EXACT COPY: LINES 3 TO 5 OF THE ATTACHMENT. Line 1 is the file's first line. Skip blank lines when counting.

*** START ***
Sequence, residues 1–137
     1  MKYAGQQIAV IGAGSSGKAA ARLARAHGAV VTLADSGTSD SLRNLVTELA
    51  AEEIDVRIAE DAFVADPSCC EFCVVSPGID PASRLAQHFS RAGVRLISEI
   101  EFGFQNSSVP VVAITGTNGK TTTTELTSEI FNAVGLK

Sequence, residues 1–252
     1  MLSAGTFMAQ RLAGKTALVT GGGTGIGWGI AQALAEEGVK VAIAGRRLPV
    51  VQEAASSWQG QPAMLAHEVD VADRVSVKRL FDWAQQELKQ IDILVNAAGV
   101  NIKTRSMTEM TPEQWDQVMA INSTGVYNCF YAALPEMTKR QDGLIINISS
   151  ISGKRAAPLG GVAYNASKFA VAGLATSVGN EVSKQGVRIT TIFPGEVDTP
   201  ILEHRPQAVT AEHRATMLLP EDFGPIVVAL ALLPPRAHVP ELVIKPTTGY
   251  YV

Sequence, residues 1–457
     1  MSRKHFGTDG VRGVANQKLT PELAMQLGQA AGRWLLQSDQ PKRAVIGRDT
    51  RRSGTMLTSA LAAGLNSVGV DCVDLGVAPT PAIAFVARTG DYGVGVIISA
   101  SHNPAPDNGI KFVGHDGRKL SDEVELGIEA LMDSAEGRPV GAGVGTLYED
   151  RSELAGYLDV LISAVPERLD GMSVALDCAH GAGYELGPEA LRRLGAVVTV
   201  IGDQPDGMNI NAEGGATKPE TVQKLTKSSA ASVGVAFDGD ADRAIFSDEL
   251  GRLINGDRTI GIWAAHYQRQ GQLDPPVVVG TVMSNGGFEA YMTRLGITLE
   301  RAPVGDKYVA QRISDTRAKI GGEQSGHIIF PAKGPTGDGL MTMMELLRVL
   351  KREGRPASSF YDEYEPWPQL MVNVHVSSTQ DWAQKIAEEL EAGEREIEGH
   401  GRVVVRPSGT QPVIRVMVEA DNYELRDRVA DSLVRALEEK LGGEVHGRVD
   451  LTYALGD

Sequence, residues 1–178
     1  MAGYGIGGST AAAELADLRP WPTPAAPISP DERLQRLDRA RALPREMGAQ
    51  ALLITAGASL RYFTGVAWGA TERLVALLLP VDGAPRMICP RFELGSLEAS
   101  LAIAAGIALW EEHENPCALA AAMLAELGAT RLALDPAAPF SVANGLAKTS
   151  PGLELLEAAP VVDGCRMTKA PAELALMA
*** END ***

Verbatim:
    51  AEEIDVRIAE DAFVADPSCC EFCVVSPGID PASRLAQHFS RAGVRLISEI
   101  EFGFQNSSVP VVAITGTNGK TTTTELTSEI FNAVGLK

Sequence, residues 1–252